09 June, 2012

Flyover country

I'm guessing when people refer to flyover country they don't mean the Rockies and all the wonders of Colorado, Wyoming, Montana et al. No. They are referring to the flat bit that grows corn and soya. States like Iowa, Kansas and Nebraska. And let's face it, it's hard when you're Iowa to compete with those (wild) western states with their mountains, bears, vast vistas and huge orange rock formations. Iowa reminded us of England after all that western splendour. It had fields and barns and farms. It's a bit like Norfolk without the old stuff. The problem is there's just a bit too much of it. Imagine Norfolk the size of the UK.


It certainly had its charms. Des Moines has a brilliant Art Center with a small but exceptionally well chosen collection of modern art (and currently a stunning Jackson Pollock on display). It also had some quirky and hip shops in the east village near the over the top capitol building. Having also visited St Paul in Minnesota, I have come to the conclusion that at the turn of the 20th century there was much competitive state capitol building going on - my dome is bigger than yours, we've got a cool golden statue of horses on ours etc.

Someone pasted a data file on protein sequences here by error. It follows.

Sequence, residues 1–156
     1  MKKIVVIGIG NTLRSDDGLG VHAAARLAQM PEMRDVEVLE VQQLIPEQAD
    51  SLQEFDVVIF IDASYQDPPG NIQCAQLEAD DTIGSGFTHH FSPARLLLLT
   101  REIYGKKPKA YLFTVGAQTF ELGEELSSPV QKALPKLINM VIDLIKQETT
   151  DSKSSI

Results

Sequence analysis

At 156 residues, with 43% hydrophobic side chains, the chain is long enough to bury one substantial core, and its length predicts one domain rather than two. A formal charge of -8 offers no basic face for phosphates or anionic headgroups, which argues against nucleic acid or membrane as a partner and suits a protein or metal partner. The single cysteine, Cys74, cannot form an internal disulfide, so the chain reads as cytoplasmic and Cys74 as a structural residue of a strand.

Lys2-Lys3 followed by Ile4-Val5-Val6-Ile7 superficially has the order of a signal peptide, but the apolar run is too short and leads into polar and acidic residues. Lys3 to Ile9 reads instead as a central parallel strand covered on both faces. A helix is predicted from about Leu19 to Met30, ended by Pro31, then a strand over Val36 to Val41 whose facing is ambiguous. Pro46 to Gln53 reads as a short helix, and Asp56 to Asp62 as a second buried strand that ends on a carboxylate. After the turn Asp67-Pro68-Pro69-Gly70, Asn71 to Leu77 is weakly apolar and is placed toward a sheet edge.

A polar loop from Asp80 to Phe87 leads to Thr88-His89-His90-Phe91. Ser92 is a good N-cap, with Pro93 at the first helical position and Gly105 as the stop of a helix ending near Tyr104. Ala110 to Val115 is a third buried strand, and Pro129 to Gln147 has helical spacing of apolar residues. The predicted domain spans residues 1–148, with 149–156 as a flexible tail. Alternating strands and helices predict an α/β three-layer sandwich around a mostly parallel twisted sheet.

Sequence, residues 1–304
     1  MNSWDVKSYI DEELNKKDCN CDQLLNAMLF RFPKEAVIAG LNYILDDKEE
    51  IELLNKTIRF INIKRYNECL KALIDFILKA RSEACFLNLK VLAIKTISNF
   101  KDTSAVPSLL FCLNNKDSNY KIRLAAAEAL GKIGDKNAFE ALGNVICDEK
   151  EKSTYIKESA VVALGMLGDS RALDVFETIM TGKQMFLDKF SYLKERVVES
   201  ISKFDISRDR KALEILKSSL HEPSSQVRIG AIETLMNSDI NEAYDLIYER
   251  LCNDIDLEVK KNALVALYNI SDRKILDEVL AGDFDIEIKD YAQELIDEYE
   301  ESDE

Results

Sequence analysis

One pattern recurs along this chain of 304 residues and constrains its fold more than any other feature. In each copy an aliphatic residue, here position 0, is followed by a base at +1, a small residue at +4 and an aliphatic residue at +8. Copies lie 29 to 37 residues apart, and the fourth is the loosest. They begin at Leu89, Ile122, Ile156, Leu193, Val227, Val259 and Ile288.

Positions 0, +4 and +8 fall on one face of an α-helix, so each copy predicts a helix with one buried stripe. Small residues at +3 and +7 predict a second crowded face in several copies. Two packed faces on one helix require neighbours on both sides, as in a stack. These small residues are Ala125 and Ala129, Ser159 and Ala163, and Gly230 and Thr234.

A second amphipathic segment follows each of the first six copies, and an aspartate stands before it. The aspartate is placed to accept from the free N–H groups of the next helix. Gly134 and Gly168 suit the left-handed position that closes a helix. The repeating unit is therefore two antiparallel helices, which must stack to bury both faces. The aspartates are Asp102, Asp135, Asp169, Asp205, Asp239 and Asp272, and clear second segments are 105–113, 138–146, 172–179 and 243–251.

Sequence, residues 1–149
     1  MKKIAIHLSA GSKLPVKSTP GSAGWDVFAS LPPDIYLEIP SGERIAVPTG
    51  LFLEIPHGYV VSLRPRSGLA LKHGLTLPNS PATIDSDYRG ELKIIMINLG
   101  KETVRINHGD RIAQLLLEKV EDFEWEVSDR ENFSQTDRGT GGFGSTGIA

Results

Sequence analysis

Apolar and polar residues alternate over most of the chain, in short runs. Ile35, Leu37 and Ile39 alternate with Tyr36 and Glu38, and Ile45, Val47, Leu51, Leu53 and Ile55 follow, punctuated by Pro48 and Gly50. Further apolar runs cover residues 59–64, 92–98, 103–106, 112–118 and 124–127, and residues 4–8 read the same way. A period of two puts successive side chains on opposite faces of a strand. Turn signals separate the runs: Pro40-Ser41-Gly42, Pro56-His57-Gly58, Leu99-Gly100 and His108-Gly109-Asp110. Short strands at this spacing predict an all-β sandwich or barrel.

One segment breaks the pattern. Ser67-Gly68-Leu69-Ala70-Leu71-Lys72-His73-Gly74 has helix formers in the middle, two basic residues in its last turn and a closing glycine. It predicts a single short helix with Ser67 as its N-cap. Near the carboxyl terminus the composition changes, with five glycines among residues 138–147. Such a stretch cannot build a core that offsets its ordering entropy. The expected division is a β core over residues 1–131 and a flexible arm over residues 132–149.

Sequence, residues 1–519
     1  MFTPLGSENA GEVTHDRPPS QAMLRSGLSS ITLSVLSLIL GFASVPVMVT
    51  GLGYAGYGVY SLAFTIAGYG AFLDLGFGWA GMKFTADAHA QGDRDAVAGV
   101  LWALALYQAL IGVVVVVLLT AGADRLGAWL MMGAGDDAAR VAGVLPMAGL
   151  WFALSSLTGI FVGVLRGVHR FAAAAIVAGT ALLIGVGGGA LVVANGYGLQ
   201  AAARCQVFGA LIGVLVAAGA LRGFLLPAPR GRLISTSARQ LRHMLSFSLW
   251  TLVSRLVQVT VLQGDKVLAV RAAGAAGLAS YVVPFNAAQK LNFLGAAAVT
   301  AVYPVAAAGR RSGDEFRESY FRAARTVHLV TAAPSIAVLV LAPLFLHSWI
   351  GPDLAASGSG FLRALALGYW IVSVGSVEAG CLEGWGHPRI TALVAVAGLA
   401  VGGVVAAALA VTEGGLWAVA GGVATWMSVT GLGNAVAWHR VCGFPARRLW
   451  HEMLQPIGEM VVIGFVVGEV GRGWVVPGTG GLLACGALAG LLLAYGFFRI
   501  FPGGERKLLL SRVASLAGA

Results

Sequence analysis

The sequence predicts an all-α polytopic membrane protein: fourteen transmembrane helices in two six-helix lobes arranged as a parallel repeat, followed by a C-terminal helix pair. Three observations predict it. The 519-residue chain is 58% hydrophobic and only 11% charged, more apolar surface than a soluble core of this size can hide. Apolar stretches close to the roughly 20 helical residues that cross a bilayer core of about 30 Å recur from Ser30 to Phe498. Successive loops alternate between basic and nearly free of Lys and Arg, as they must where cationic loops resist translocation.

We also visited the Living History Farms - with its three farms from 1700 onwards and its small late 19th century town. The period dressed docents were charming and knowledgeable and willing to talk on the quiet rainy afternoon we went.

Ames is a university town and without the university there may not be much to it. But I can imagine it is a safe, comfortable if a bit dull place to live and bring up kids. We were staying in a lovely Bed and Breakfast - highly recommend the Iowa House if you happen to find yourself in Ames at any point.

I'm afraid I didn't take a lot of pictures, mostly because I kept forgetting my camera as we were having so much fun with our friends. And we did have fun. We had a great week in Iowa. So there.

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